It's funny he said that, because I had problems with several key turns last year involving major characters:

1) I didn't buy Kate's decision to come back to the Island. The kid gets lost in the supermarket one day and that's it? She's done? That's something that happens to every parent at least once. And Ben revealed that he was behind the scary, paternity-test-demanding lawyer before Kate made her decision to return, so that doesn't explain it. Hopefully we'll get some more background on her change of heart, because vague promises to help Claire and the transparent writers' trick of having Kate make Jack swear not to ask her about the subject have left the mustard decidedly uncut.

2) I didn't buy Kate's decision to save young Ben's life by taking him to the Others for treatment. It came out of nowhere. It felt arbitrary.

3) I didn't buy Jack's reasoning for blowing up Jughead. This one was ridiculous. He wanted another chance at Kate? How about walking over to her and saying, "I'm sorry for acting like a fool," and then following through and ceasing to act like a fool?

Despite these criticisms, "Lost" is still my favorite TV show of all time. If "Law and Order" if a Quarter Pounder with Cheese Meal and "Mad Men," despite its awesomeness, feels at times like eating poached salmon and steamed kale, "Lost" is the rare show that tastes great and is good for you. It touches my brain in its special place.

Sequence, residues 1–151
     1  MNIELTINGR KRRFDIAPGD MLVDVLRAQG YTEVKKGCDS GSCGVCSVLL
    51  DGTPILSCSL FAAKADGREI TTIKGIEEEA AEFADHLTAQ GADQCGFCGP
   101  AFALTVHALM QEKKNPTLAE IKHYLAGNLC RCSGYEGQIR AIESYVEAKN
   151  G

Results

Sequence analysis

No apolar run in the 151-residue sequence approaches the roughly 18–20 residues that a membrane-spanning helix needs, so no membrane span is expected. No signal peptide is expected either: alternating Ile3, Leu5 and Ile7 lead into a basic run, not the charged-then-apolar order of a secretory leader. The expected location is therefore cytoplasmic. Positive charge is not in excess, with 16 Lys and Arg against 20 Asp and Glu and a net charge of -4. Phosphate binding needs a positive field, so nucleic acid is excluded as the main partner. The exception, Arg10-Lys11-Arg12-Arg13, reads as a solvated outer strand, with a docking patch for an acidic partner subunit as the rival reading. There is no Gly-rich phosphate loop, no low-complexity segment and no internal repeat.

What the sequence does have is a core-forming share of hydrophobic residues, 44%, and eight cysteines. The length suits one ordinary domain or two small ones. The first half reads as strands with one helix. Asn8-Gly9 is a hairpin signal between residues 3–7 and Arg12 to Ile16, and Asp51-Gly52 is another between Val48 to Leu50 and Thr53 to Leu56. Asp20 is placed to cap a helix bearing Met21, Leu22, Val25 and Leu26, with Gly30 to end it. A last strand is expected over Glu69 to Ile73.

As far as theories or predictions go, I think we can safely assume some kind of connection between the Smoke Monster and the Man in Black.

For me, the biggest clue that MiB may in fact be the Smoke Monster came in one of the final episodes last year when fake Locke took Ben to the Temple to be judged. It was only after Ben fell through the floor and wound up on his own that the Smoke Monster appeared, allowing it to slip out of fake Locke's body and come out through the vent.

The hieroglyphics and what appeared to be blood/body scraps around the vent would seem to indicate that at one time Smokey was worshipped as a god by whatever people built the temple and the other buildings now in ruins. Could it be that some Egyptians fell through a worm hole to the Island and restarted a parallel civilization there? Maybe the Island at one time was located in the Mediterranean or Red Sea?

Another question is whether this idea that Smokey is the guardian of the Temple, as Rousseau's doomed shipmates were informed, is true or a cover story of sorts. Also, if MiB is set in opposition to Jacob, why do the Others, Jacob's merry band of Island protectors, seem to get a free pass? We know the Others went to the Temple to hide from Widmore's ship, and in season four Ben appeared to summon Smokey to destroy Keamey's men.

Clearly, there are rules governing Smokey and MiB's behavior that we're not yet aware of. One theory is that the Smoke Monster's role, or one of them, is to test people. But why then does the monster sometimes just cold go romper stomper, forgoing the exam? The monster simply eliminated Rousseau's people, even possessing her baby daddy, i.e. making him "sick" and compelling him to try to kill her. Oooo-eeee, what up with that?

It seems maybe that Smokey has gone rogue, like MiB himself. Whatever role he or she or it was relegated to by Jacob or some other governing force has long since started to chafe.

Anyway, that's it for now. I'm sure I'll have reaction to the premiere later this week. If the trailer I saw last night (the first one with actual footage from the final season) is any indication, it's going to be a face-melter.

*Hey GQ, were you planning on posting part three of that interview ever?

**No, Edward Wyatt of The New York Times, fans of "Lost" are not tuning in to find out "Will Hurley ever lose weight?"

.: posted by hornswaggler 8:02 PM